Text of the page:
We finally received rain this past weekend, a lovely storm providing Silicon Valley with much needed precipitation. Other parts of the Bay Area were pounded, but I was happy for our soggy Sunday, as my cold abated, hand-sewing keeping me busy. I didn’t get much writing done, half a chapter that morning, but two other projects are coming along nicely.
I’m undergoing a rethink of this last section of The Hawk, both in plot and scope. The first few chapters I wrote tried to move the story along more rapidly than how it had been meandering, and while I’m not going to change those, I’ve come to realize that this last part is going to be whatever it is meant to be. It’s like the weather, over which we have no control. Professionals can forecast to the best of their abilities. However, the big rain that was supposed to hit us on Friday scooted right over the valley, dumping on the Santa Cruz Mountains. We got our half an inch or so on Sunday, and now we wait for the next storm.
How does that relate to my writing? I have this last part planned out, give or take a few rumbles of thunder. And to my pleasant surprise, not only did I come up with an answer to the chocolate cake recipe, but a fine manner in which to explain why Wilma Gordon shares that closely guarded secret. However, in doing so, more words will be necessary and…. And for as much as I wanted to keep this last section concise, that’s not gonna happen.
For all the rain that didn’t fall our way, it’s coming down as prose in buckets within my novel.
On Sunday morning, the words streamed forth until snot overwhelmed my authorial efforts. But it was the first writing in several days, and I was happy with it. Yesterday was the same, minus the mucous, as well as accepting that just as I have been doing for the last three years, I will write and let the rest sort itself out later. I can’t do anything else and feel comfortable with this story.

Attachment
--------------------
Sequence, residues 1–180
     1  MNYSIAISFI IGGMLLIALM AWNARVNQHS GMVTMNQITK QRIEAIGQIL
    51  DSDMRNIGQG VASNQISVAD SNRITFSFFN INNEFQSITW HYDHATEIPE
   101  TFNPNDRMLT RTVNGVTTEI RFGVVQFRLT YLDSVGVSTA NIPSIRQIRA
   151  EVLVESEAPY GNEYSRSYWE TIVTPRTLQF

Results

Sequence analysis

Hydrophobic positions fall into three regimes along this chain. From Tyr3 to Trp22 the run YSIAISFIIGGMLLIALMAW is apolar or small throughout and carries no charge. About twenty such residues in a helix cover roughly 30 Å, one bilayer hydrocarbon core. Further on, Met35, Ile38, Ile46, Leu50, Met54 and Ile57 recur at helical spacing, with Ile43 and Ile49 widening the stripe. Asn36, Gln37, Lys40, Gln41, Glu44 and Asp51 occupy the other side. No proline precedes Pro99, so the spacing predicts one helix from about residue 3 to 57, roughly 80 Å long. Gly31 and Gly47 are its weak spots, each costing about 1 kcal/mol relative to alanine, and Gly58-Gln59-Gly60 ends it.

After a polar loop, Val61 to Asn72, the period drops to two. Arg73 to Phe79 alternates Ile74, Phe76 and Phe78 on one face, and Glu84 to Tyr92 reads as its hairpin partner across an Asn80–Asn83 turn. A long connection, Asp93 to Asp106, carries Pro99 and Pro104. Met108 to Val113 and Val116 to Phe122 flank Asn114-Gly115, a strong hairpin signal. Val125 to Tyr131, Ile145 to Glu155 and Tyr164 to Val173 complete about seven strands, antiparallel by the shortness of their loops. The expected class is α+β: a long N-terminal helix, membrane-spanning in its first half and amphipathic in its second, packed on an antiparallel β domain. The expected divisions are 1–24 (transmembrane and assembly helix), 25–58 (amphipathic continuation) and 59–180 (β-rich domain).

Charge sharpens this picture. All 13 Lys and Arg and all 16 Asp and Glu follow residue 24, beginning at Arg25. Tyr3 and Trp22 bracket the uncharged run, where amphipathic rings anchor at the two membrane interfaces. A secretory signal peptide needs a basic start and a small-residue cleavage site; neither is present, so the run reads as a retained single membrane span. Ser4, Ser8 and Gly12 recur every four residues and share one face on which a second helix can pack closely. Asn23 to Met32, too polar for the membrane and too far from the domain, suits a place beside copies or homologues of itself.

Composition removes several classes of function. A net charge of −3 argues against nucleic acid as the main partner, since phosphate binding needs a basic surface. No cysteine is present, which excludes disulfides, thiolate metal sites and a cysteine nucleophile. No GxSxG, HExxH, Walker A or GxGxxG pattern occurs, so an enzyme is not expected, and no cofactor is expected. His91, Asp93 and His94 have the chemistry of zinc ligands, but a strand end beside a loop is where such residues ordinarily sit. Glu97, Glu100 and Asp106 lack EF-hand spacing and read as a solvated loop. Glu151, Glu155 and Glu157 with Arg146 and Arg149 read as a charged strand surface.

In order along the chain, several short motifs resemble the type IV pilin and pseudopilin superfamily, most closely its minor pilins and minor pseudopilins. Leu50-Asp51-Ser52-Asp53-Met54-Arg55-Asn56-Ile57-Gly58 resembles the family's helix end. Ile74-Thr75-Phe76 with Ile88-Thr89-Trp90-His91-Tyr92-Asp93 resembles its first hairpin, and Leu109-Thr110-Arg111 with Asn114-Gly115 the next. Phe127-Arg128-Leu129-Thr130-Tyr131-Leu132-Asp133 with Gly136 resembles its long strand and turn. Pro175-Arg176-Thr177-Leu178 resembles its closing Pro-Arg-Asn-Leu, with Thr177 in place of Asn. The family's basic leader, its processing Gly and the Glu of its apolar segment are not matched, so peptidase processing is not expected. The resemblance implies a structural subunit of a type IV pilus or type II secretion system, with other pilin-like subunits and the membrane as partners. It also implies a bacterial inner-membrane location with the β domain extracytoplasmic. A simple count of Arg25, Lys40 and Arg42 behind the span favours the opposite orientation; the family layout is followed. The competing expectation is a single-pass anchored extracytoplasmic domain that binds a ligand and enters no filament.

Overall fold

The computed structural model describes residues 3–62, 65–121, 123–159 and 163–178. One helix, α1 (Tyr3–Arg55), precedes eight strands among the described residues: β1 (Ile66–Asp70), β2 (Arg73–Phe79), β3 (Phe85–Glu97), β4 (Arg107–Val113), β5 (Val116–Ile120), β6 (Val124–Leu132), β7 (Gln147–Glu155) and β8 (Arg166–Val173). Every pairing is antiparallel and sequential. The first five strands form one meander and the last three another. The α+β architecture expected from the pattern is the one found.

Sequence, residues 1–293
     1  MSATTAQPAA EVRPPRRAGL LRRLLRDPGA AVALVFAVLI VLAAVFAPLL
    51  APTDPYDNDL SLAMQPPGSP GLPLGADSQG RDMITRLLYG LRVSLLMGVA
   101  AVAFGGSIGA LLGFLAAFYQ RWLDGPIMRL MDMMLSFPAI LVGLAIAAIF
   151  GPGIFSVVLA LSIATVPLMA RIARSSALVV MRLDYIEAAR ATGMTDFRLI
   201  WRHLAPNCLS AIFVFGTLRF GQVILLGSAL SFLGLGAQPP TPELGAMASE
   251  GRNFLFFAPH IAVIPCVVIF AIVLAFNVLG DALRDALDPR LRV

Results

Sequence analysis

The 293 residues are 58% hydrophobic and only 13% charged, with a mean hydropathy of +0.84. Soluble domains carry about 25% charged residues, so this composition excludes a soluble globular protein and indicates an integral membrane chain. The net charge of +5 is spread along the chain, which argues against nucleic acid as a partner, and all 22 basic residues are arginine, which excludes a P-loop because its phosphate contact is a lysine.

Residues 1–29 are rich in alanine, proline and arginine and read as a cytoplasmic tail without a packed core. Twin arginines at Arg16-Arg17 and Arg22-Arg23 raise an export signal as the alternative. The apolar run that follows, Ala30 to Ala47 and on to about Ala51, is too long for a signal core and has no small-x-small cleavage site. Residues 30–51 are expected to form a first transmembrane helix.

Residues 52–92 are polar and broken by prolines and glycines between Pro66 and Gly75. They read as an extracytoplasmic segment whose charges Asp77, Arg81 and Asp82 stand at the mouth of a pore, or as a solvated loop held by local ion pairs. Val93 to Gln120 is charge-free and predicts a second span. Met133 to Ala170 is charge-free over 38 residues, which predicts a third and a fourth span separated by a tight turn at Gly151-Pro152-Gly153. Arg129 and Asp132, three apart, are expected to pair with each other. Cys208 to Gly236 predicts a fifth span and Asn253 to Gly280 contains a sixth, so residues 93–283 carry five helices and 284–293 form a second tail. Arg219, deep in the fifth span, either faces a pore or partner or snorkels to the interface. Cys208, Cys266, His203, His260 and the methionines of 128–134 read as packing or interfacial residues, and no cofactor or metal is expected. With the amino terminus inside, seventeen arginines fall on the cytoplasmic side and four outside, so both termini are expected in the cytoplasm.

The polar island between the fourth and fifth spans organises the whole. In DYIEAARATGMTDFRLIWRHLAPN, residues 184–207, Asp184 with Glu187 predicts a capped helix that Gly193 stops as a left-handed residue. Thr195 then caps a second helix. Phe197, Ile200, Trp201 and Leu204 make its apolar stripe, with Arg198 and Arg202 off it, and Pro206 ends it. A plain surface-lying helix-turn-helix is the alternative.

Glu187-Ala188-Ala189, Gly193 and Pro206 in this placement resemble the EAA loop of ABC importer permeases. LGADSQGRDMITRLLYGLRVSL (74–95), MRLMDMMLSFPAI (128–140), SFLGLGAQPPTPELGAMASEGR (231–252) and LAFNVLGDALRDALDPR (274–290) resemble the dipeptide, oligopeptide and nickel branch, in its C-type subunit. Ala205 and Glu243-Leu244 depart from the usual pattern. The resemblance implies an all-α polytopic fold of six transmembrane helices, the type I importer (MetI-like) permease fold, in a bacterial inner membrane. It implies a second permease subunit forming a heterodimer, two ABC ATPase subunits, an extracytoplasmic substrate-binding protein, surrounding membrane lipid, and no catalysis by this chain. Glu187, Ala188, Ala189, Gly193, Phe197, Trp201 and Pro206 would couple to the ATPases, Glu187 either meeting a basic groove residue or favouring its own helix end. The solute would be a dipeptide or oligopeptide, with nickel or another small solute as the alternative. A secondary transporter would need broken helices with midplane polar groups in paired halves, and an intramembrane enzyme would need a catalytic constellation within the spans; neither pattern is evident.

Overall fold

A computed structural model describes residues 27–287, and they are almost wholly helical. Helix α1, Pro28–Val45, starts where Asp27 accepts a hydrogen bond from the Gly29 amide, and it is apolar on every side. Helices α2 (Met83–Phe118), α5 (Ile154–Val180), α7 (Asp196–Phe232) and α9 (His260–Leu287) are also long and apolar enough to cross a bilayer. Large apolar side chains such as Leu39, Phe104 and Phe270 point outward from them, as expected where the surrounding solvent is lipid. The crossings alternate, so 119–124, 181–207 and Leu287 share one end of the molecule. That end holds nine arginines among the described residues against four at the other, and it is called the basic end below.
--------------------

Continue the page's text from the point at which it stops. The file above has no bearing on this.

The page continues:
Whew, I feel better making that confession. For me, the only answer is to follow one’s heart within the art, regardless of good intentions. The creative spark is as fickle as rain, no way to harness it. My husband bought a thirty-gallon trash can to use as a rain barrel, so while I was sewing on Sunday, he popped outside every so often, hauling out a bucket of water, then dousing plants just beyond where rain landed. My writing is like that, how many paragraphs and scenes waiting to be allocated to either remaining within the manuscript, or destined for another home, ahem. They won’t do our geraniums any good, but if nothing else, I won’t feel frustrated trying to hold them back.
Part of successful writing is striving to improve one’s ability with language through practice. But another part is less tangible, much like the changing weather. Writers need to be mindful of the muse which brings them to this craft, fully aware edits can and will sort the wheat from the chaff. But first, allow those unwieldy elements to blow through, much like Friday’s useless cloudy day. For on Sunday, water fell from the heavens, filling not only my husband’s makeshift rain barrel, but replenishing dry ground. I can’t control my writing anymore than I can order the offshore flow. But when the words are ready, I can be like my hubby, prepared to catch as many of them as fall. He chooses what to water, while later I can hammer this draft into shape. Now, if there was just some way to equate all I write into rainfall totals. But that’s a dream for another day….